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brothers in code.

I'm trying to make my WinForms app multi threaded. In DoWork of my background worker I've got a method which changes few controls using MethodInvoker delegate. My question is if I have to invoke every control every time I want to change it from another thread or maybe there is some kind of container of controls which I can invoke to avoid multiple invoking certain controls?

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You could simply Invoke a method on the UI-thread that does all the updates of the controls you need? –  DeCaf Oct 18 '11 at 8:19

5 Answers 5

up vote 3 down vote accepted

Invoking means scheduling your code to run on the thread that owns the controls, which in all straightforward cases would be the very same thread for all of your controls. So while you do have to invoke every time you want to interact with a control, you can in practice "pool" as many interactions as you wish together and only invoke once for the whole piece (doing so will be more performant).

If you want to "hide" the invocations you 'd have to write a class that, when triggered, would detect changes to its properties and use Invoke on code that interacts with your controls in a manner dependent on these properties. So the workflow would be:

  1. Your worker modifies the "controller"'s properties, without invoking. This does not have any immediate effect.
  2. At some point, the controller is "triggered" (perhaps periodically by the worker?).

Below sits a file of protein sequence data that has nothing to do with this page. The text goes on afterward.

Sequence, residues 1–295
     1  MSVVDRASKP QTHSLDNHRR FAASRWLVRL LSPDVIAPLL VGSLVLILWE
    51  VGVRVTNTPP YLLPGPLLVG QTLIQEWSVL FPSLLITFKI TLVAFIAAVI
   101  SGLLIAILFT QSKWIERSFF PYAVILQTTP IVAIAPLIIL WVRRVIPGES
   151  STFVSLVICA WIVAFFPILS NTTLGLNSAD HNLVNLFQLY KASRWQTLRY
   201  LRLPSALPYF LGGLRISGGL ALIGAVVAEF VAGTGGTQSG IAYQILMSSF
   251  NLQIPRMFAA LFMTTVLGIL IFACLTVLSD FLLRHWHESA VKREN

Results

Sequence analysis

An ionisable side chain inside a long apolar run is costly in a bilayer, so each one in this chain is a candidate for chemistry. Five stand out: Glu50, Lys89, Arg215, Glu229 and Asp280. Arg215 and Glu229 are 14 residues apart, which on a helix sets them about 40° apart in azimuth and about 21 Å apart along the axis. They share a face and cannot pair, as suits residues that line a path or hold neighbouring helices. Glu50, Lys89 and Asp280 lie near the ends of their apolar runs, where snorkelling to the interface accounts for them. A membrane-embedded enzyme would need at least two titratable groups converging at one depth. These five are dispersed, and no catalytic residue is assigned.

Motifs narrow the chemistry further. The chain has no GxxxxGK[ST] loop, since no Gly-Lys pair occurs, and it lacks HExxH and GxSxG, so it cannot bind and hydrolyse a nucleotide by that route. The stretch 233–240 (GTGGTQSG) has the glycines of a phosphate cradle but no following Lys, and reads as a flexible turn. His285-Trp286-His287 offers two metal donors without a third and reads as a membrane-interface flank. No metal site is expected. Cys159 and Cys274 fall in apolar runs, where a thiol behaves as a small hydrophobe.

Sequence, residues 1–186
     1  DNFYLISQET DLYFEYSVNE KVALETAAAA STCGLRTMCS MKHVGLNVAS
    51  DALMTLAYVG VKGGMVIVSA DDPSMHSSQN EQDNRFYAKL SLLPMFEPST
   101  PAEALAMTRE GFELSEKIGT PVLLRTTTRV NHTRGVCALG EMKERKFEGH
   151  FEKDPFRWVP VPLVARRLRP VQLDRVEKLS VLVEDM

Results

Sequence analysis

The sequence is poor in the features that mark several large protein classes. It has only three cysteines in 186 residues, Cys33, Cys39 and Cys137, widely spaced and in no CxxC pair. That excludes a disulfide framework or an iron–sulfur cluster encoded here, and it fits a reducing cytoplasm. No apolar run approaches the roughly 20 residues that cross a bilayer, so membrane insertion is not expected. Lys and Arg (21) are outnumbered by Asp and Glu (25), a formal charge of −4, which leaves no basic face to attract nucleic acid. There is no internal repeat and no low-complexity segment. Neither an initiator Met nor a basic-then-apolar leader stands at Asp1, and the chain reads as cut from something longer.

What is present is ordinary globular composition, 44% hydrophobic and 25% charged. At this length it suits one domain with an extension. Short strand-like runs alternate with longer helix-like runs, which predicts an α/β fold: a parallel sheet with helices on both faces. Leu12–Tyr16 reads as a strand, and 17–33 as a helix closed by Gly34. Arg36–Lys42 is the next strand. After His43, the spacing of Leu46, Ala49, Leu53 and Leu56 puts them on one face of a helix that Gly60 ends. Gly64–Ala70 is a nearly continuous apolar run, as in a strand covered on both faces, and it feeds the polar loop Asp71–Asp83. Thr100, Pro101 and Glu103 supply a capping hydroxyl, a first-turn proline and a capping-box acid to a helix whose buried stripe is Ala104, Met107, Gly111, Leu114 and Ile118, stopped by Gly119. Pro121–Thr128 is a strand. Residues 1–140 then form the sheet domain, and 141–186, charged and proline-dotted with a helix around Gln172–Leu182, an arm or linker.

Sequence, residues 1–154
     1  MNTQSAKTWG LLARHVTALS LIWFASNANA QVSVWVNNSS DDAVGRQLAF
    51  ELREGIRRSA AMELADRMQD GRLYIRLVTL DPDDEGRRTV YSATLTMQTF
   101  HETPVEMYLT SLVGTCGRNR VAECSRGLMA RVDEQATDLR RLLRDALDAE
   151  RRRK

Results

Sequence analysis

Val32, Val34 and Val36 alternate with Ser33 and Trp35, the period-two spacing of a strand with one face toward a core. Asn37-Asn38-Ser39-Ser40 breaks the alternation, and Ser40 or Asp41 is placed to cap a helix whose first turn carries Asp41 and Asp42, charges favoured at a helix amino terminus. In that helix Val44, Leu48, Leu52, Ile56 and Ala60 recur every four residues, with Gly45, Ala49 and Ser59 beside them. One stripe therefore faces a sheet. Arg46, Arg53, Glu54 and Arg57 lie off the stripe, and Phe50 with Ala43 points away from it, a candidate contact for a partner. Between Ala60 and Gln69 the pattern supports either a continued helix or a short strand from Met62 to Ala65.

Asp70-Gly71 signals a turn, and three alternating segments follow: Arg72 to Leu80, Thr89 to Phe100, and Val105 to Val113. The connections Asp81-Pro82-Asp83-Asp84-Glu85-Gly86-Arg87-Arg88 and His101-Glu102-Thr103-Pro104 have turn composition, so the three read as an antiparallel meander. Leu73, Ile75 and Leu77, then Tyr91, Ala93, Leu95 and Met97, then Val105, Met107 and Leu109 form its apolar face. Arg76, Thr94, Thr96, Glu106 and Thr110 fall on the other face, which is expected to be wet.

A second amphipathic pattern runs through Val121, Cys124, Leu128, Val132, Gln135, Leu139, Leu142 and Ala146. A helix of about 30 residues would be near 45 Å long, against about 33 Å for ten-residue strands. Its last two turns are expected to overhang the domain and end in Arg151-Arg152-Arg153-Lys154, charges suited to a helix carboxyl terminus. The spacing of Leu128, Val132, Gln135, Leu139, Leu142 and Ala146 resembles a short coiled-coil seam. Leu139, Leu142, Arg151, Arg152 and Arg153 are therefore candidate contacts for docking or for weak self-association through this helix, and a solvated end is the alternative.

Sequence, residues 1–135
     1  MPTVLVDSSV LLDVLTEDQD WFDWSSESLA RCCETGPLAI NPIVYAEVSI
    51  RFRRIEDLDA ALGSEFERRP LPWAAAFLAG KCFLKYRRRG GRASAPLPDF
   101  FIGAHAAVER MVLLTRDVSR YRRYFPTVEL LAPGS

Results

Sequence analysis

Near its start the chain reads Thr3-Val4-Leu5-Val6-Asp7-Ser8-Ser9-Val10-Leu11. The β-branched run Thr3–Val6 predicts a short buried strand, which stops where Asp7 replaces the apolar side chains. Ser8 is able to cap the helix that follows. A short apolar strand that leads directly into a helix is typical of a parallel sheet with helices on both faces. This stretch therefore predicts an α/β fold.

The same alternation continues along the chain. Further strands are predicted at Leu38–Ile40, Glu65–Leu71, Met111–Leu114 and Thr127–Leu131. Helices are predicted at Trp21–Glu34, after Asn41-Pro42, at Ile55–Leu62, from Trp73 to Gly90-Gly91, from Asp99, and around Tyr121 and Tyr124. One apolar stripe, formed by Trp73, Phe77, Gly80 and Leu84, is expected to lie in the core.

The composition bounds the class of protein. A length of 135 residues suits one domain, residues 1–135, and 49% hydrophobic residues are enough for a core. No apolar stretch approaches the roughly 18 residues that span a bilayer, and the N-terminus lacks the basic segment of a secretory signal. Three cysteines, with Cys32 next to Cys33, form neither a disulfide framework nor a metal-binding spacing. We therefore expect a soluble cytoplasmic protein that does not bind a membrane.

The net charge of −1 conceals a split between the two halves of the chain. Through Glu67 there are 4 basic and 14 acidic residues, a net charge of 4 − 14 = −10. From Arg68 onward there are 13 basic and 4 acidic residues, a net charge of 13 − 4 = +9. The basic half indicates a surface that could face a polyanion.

3. The controller detects (or already knows) what changes were made to its properties and how these translate to invoking code on controls. It invokes a block of code that interact with the controls accordingly.
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My question is if I have to invoke every control every time I want to change it from another thread or maybe there is some kind of container of controls which I can invoke to avoid multiple invoking certain controls?

You have to invoke every time yiou want to change the UI. The invoke operation can do more than changing one peroeprty -it can be a complete function udpating 100 controls.

Minimizing invokes is good for performance.

No, there is no predefined container. You are assumed to be an able program an invoke, for example for an anonymous code block, yourself.

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Let's say you want to change the text on two Labels. Assuming they belong to the same Form, you can do this either by individual calls to Invoke...

void buttonInvoke_Click(object sender, EventArgs e) {
    Invoke((Action)(() => label1.Text = "A1"));
    Invoke((Action)(() => label2.Text = "A2"));
}

...or by grouping then in a single Invoke, to save some typing and increase performance.

private void buttonInvoke_Click(object sender, EventArgs e) {
    Invoke(
        (Action)(() => {
            label1.Text = "B1";
            label2.Text = "B2";
        })
    );
}
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Technically all of your GUI is created on the main thread, so If you invoke say a main panel on the GUI then within that invocation method you can alter other controls on the GUI all within that method

Plus if your background worker was created on main thread then you can call report progress event back on main thread... Which means invocation not required. Main purpose of background workers really.

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public void UpdateControl<T>(T control, Action<T> action) where T : Control
{
  if(control.InvokeRequired) 
    control.Invoke(() => action(control));
  else
    action(control);
}
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